Disaster struck the parish in the early 1950s when a fire torched the church building. The damage was extensive, but the parishioners had faith and never gave up hope. Work quickly started on salvaging the building and renovating the facility. Services were celebrated and school activities were held in the Bradley Gymnasium, which is now part of Bradley Central School.

Msgr. Emile Cousineau, who is shown above with Fr. James McDermott, the pastor of St. Joseph Parish at the time, represented the bishop of the Joliet Diocese and blessed the altar of the new church during the first Mass Sept. 15, 1961.

 Under the pastoral leadership of Father James P. McDermott, the then-pastor, the present church was constructed at a total cost of $400,000. The altar of the church was consecrated and the first Mass was celebrated Sept. 15, 1961, and the church was officially dedicated Sept. 9, 1962, by Bishop Martin D. McNamara, the then-leader of the Joliet Diocese. In the dedication booklet, Father McDermott offers a message. “Each one of us helped to build the church; even the children contributed with their prayers. Now we witness the fulfillment of our hopes, our sacrifices and our prayers.” 

The present St. Joseph Church in Bradley was blessed and dedicated Sept. 9, 1962, by Bishop Martin D. McNamara, the then-leader of the Joliet Diocese.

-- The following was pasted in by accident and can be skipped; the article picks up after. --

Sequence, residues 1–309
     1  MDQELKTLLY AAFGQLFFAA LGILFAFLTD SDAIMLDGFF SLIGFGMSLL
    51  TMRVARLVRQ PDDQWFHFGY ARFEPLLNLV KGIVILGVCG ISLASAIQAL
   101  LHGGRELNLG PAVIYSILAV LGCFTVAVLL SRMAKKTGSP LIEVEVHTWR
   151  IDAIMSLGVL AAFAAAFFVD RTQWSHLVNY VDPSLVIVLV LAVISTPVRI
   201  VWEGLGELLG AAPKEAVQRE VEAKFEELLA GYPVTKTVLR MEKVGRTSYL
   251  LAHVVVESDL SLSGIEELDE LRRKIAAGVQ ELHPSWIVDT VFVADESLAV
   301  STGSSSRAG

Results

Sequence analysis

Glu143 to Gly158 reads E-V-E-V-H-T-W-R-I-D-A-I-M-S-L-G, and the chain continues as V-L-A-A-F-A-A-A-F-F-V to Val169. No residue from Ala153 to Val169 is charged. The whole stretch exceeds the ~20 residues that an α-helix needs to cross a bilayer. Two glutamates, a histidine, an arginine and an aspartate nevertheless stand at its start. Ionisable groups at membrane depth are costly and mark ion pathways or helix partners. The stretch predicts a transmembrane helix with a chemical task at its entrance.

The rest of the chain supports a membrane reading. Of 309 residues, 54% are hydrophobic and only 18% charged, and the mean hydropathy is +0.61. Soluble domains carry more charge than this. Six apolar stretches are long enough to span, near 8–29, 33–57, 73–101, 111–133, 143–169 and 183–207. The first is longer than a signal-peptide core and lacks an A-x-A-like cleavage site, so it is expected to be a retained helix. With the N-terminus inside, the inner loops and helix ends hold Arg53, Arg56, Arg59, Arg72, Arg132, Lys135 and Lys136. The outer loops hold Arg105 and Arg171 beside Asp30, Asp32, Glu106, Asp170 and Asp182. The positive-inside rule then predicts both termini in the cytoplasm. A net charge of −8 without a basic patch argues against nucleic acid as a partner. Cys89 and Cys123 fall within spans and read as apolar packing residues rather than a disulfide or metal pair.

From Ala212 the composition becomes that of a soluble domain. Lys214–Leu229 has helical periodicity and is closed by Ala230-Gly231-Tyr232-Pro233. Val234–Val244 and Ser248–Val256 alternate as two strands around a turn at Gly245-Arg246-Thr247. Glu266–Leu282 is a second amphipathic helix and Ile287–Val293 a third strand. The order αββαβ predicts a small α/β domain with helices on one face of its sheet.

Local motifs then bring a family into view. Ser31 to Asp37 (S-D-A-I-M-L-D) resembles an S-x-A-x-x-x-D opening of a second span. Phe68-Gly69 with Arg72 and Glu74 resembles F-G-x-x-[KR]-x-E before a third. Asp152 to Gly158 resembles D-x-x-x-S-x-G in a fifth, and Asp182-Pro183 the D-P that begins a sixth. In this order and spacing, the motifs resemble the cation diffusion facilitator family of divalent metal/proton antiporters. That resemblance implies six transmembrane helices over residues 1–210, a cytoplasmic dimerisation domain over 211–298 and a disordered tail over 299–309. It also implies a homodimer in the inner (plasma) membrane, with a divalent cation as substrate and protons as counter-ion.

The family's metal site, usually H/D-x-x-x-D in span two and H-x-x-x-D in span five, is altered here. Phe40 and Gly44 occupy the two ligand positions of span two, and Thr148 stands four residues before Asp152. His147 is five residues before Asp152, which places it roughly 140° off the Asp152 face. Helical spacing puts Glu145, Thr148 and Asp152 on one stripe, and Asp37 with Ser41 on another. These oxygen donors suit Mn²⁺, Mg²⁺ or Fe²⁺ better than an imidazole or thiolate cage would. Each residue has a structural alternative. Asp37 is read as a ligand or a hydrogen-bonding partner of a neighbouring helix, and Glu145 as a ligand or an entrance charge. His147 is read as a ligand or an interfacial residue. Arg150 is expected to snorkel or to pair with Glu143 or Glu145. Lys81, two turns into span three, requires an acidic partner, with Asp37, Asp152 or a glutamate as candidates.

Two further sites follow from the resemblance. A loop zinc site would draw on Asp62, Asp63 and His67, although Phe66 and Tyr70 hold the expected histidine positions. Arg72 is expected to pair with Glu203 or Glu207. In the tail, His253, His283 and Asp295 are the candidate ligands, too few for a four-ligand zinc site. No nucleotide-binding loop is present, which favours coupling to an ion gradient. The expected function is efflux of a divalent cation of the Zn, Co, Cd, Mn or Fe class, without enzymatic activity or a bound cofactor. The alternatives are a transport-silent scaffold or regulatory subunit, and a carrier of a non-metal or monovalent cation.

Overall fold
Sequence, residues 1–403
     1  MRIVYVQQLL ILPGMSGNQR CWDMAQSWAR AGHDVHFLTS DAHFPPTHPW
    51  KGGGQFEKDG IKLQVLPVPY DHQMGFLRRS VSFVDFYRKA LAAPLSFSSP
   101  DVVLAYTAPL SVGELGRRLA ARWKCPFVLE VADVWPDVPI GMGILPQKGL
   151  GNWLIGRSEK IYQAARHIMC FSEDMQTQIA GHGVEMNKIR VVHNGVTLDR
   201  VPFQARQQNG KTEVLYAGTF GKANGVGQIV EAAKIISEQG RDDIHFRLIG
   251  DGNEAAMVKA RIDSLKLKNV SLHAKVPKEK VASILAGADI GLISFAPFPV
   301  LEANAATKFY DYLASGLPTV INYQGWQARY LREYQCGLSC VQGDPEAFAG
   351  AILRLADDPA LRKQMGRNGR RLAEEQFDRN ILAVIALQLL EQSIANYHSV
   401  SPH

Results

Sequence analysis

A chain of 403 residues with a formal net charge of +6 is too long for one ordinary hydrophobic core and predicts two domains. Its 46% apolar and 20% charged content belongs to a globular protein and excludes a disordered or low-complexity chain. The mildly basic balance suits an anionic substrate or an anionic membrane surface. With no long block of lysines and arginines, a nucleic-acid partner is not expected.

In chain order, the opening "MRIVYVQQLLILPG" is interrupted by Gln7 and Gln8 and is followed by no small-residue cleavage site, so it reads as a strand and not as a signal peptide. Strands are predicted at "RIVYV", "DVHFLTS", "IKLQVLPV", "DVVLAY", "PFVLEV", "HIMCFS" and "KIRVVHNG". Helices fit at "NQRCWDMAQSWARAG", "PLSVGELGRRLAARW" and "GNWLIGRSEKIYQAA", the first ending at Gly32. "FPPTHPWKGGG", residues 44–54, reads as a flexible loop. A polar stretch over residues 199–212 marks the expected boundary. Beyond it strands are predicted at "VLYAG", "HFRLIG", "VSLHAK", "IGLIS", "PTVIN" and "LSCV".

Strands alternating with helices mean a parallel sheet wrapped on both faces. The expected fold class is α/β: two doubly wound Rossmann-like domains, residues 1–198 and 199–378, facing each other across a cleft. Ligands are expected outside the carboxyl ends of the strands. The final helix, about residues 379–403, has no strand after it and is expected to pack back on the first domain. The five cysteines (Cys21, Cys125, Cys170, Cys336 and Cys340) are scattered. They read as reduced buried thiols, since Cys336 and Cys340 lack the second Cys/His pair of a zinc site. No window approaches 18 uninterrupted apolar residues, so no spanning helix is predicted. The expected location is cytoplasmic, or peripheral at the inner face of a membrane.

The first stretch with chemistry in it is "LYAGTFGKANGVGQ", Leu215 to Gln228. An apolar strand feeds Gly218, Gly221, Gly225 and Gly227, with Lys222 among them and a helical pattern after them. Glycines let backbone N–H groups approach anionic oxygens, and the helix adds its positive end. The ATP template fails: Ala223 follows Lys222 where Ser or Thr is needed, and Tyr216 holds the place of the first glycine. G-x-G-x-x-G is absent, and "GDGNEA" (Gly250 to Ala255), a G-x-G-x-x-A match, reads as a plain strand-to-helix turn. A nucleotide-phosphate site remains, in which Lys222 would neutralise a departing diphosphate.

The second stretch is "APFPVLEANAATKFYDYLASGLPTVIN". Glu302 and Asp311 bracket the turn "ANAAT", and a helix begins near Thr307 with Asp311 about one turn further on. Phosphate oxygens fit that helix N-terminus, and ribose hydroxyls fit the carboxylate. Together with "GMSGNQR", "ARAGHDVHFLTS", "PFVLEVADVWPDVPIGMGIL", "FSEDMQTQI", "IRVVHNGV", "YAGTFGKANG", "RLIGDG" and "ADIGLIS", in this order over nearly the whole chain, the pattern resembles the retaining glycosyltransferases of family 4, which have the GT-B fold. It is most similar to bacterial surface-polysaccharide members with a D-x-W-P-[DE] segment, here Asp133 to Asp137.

In 1964, construction of the north wing of the parish school was completed. Over the next several years, the people continued to thank God for all of their blessings, serve the poor and disenfranchised, enjoy the company of others and worship at the  flourishing faith community.

Preparing to break ground for the construction of the parish center are (from left to right) Fr. Joseph Butters, then pastor, Kent Mast, then school board president, Fr. Edd Prather, then associate pastor, Lilian Krueger, Leonard Martin, then parish council president, Scott Seaton, the architect, Bob Voss and Jeff Korstech of Azzarelli Builders, Sister Marcelline Koch, OP., then school principal and Cheryl Geraci, then parish director of religious education.

In 1991, a parish hall was completed with the cooperation and commitment of the people and their pastor, Father Joseph Butters. Bishop Joseph L. Imesch, leader of the Joliet Diocese at the time, blessed the new building and participated in its ribbon-cutting ceremony. Congratulatory cards from school students decorated the interior walls for the dedication celebration. At least one of them made both the pastor and parishioners rest a little easier about the major investment. The card featured a drawing of the building, with this message: “Dear Father Butters, Thank you for the new gym and parish center. We promise not to wreck it or anything.”